Well, there was brandy, and there was a fire, and there were blankets, and there was hot water, and I don't know what; but warmer than all the rest I felt her breath against my cheek, and her arms about my neck, and her long hair, which she had wrapped all in, about my hands.
"O don't!" said she, and first I knew she was crying.
"But I will," says I, "for I 'm sorry." "Well, so am I," says she. Said I, "I thought I was dead, and had n't made up, Nannie."
"O dear!" said she; and down fell a great hot splash right on my face. Says I, "It was all me, for I ought to have gone back and kissed you."
"No, it was me," said she, "for I was n't asleep, not any such thing. I peeked out, this way, through my lashes, to see if you would n't come back. I meant to wake up then. Dear me!" says she, "to think what a couple of fools we were, now!"
"Nannie," says I, "you can let the lamp smoke all you want to!"
So by and by my voice came. "Nan- be her face, looking as it looked at me nie!" said I.
BUSY BRAINS. Arestie Affott.
A CHAPTER OF LITERARY ANECDOTE
But sometimes I think, Johnny, when it comes my time to go, - if ever it does, I've waited a good while for it, — the first thing I shall see will
ly her works; she has the assurance to attempt to answer questions about all things else in heaven and earth; but when her life is the subject of inquiry, that life seems to elude her own observation. We see in the evening sky stars so dim that the eye cannot fix upon them; we only catch glimpses of them when we are looking at some other point aside; the moment we turn the eye full upon them, they are lost to r sight. This covert and transient vision is the best which men have ever yet caught of the Mind, which they have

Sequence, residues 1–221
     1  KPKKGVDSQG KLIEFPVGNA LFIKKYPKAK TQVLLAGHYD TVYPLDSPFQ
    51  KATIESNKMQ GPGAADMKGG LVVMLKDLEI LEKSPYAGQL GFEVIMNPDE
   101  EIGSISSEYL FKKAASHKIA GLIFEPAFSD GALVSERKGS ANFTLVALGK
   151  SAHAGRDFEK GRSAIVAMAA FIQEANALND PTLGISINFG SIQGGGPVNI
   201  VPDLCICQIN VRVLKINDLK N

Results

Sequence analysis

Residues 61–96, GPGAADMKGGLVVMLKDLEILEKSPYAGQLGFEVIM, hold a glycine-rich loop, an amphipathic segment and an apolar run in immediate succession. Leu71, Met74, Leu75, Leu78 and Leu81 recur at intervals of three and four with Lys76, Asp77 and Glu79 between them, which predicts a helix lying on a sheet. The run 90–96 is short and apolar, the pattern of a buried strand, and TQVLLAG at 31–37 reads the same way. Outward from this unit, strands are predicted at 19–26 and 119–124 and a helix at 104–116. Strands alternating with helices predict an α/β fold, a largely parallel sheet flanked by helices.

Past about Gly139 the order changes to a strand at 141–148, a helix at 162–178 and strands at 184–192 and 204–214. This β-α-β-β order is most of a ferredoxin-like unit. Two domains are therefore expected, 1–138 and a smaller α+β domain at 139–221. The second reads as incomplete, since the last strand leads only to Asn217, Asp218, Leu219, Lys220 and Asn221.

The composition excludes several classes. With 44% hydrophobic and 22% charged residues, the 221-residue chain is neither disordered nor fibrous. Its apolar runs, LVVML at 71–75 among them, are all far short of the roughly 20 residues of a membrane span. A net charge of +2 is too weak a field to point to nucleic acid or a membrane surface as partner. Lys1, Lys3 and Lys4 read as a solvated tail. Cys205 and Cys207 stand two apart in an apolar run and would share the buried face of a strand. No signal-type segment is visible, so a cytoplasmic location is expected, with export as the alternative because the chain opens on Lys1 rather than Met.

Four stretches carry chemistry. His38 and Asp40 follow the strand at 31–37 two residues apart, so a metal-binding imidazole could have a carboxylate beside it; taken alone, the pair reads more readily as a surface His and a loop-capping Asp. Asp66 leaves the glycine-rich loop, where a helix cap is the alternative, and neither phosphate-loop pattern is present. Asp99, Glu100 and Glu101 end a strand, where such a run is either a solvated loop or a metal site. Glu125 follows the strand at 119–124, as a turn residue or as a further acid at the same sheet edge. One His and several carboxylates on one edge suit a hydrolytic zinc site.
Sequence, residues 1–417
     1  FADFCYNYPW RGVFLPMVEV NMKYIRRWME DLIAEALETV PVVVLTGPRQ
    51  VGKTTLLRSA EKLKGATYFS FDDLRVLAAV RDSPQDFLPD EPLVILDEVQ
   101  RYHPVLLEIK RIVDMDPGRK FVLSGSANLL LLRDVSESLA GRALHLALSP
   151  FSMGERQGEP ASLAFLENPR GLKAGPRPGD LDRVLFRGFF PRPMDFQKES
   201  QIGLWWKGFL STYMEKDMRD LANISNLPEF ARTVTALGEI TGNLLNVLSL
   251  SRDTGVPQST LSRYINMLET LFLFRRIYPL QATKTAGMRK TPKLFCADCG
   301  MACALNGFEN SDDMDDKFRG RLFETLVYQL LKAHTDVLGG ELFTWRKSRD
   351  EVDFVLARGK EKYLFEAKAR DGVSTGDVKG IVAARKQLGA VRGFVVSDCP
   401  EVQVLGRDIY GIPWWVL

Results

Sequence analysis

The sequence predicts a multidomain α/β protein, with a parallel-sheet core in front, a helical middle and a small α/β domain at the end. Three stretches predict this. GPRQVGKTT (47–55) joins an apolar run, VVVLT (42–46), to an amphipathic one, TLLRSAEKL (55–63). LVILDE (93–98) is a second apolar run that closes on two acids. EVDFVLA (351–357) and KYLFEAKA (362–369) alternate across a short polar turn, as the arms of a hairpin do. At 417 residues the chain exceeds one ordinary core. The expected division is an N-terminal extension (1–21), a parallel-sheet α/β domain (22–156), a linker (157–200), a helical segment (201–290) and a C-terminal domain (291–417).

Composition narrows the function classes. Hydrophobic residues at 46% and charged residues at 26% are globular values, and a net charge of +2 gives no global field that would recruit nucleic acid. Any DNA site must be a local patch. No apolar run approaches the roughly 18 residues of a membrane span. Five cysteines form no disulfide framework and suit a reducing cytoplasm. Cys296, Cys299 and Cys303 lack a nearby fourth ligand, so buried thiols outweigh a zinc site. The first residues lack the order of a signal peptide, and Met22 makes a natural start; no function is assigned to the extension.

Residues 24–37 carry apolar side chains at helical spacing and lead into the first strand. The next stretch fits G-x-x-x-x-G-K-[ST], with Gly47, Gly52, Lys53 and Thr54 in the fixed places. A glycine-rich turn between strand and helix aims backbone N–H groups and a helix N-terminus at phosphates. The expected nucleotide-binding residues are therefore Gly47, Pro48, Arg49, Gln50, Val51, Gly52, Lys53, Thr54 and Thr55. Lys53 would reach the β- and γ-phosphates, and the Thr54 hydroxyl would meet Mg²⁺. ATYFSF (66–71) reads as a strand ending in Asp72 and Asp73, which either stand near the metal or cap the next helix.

studied so long to know. The meta- which every student passes through, physicians look directly at it, and to which turn and return upon the mind, them it is invisible, and they cannot irresistible and mysterious ? What agree what it is, nor how it moves. are the causes of those strange and And when we look aside at the anato- delightful exaltations of mind in which my and physiology of the human frame, thought runs like a clock when the or, on the other hand, at the complex pendulum is off, and crowds a week and endless variety of human actions of existence into an hour of time ? and human experience, we catch only Whence are those dull days which a partial and unsatisfactory glimpse of come so unexpectedly, and sometimes the soul which is beyond.
lead a troop of dull followers, to inThought, as we have suggested, will terrupt our life's work for a week at uncover to us almost anything sooner a time? Where are we to search for than the secrets of its own power. It obstructions in the channels of the has explained much about the con- mind when ideas will not flow? How ditions of rapid vegetation, and how is it that, after a period of clearness to procure profitable crops from the and activity in thought, the brain earth ; but how little has it yet dis- grows indolent, and, without a feeling closed of the conditions which secure of illness, or even of fatigue, work lags vigorous thinking, and best promote and stops ? By what right is it that, the development of truth !
at times, each faculty in our possession But some one may say: " I supposed seems to grow independent, and refuses that the conditions of mental activity to return to its task at our call ? What were well known; they are quiet, are the secret psychological conditions peace of mind, neither too much nor which influence the mental powers as too little food, and a subject which in- strangely as if there were a goblin who terests the feelings, or effectually calls had power to mesmerize Fancy and forth the powers of the mind."